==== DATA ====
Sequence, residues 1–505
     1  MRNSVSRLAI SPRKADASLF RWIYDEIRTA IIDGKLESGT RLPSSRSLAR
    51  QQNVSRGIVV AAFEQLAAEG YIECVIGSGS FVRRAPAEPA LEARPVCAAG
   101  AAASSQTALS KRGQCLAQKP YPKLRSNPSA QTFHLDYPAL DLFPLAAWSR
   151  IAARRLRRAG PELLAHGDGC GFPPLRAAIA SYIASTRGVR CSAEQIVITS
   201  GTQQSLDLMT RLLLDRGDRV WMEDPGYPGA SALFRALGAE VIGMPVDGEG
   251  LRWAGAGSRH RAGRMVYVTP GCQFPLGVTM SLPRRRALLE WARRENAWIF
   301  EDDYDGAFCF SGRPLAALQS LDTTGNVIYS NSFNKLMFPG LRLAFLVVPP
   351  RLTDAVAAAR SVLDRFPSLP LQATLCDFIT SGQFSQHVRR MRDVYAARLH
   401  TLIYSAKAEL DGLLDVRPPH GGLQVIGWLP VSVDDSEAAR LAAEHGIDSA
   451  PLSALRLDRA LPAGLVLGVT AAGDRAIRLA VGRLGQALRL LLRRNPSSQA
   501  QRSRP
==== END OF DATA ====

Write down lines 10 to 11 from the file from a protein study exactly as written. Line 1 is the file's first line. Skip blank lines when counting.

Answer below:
   401  TLIYSAKAEL DGLLDVRPPH GGLQVIGWLP VSVDDSEAAR LAAEHGIDSA
   451  PLSALRLDRA LPAGLVLGVT AAGDRAIRLA VGRLGQALRL LLRRNPSSQA